Homelessness: The True Image of a National Emergency

By Edward M. Bury, APR (aka The PRDude)

The concept of a “national emergency” dominated media coverage in recent weeks, driven by President Donald Trump’s decision earlier this month to demand federal funding to build the wall on the nation’s southern border.

This controversial use of presidential power certainly raised questions, primarily:

  • Is there, indeed, a crisis along our border with Mexico in terms of illegal entry, drug smuggling and other criminal activity?
  • Does this president, or any president, have the constitutional authority to declare a national emergency and demand federal funds without Congressional approval?

Perhaps there have been true national emergencies taking place here in the United States for a prolonged time in our history; but, they just don’t make headlines.

Note the image within this post. This lady shared a CTA Blue Line car with me, other Chicagoans and visitors one morning this week.  Most passengers on this train probably were headed to work, school, an appointment or home.

From what’s depicted here, this lady was probably going to none of the above.

Look closely, she’s there, behind the glass partition, wearing a brown jacket and maneuvering a cart loaded with sacks containing what’s likely her worldly possessions.

As she was about to exit at the Jackson station platform, I handed her some cash, about what I would spend on two beers these days, minus tip.

She paused, smiled, said thank you and put the bill in her pocket. I sensed dignity in this lady by the way she looked at me, responded to my offer and effectively moved her cart and belongings off the el car and onto the platform.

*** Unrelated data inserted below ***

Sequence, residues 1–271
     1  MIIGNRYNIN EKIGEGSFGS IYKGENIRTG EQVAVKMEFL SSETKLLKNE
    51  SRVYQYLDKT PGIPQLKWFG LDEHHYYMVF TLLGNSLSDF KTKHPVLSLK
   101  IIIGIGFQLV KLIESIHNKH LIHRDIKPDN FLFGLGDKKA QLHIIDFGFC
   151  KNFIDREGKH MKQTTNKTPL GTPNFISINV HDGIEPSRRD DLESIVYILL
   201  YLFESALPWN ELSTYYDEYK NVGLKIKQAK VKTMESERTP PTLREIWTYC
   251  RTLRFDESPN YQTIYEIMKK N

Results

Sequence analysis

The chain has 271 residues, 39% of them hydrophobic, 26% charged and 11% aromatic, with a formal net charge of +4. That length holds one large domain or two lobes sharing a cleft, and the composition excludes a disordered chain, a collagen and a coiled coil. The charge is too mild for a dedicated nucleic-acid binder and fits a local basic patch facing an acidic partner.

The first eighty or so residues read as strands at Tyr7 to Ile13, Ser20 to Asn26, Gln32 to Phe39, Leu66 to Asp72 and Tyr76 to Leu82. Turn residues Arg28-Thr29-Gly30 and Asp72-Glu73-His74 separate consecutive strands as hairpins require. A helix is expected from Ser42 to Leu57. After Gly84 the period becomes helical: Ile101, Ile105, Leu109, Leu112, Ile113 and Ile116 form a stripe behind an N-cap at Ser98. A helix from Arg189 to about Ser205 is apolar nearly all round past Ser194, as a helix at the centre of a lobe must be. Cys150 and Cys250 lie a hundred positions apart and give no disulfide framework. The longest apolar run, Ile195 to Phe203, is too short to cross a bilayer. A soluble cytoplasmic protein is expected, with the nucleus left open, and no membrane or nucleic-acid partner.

I hope the President or someone within his administration recognizes that homelessness is a true national emergency, and it’s taking place in many, many other cities and towns across the nation. According to the National Alliance to End Homelessness, more than 550,000 in this nation are homeless.  Here in Illinois, more than 10,000 experience homelessness.

After my encounter with the lady, I continued on with my work day, then I headed home.

My regret is that I all I did was give this lady some money. My hope is that she finds a true home someday soon.

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One Image, One Question: March 6, 2017

By Edward M. Bury, APR (aka The PRDude)

For nearly four years now, I’ve been somewhat of a “transit guy.” That is, I manage public affairs for a research unit that concentrates in four transportation clusters at the university where I work.

Rest assured friends: There were many, many more fellow Blue Line riders who were not shown in this image.

By leading communications for our center, I’ve gained a much better appreciation for the transit industry, the people who manage and plan transportation networks and what it takes in terms of resources and capital to keep systems operating safely, reliably and efficiently.

Which brings me to today’s topic: You guessed it, transportation.

From the image above, taken on my morning commute on the CTA Blue Line, it’s apparent that I had to share the car with many, many other commuters. (That’s o  ne reason why I hunker down in the operator’s compartment at the end of the car.)

And, to put it all in perspective: This image was taken around 8:15 a.m. at the Western Avenue station, meaning the train had five more stops before reaching Clark/Lake, the first station in the Loop.

As you could ascertain, by Western Avenue most likely every car on that run was fully packed, meaning lots of commuters down the line had to wait, and wait, and wait …

The overcrowding on Blue Line trains is not a new phenomenon these days. It’s being driven by societal factors — more mainly millennial-aged people eschewing auto ownership to take public transit — and a dramatic amount of new development along the Milwaukee Avenue corridor in Chicago, as illustrated by a recent report from online site Curbed Chicago.

So, onto the question:

What can be done to alleviate or mitigate overcrowded conditions on the Blue Line?

Your thoughts are most welcome. Being a communicator, my first response would be to build awareness for other modes, like bus and ride share. And, perhaps those will evolve.

And, by the way, I work with some pretty smart transportation research professionals who probably have some thoughts of their own.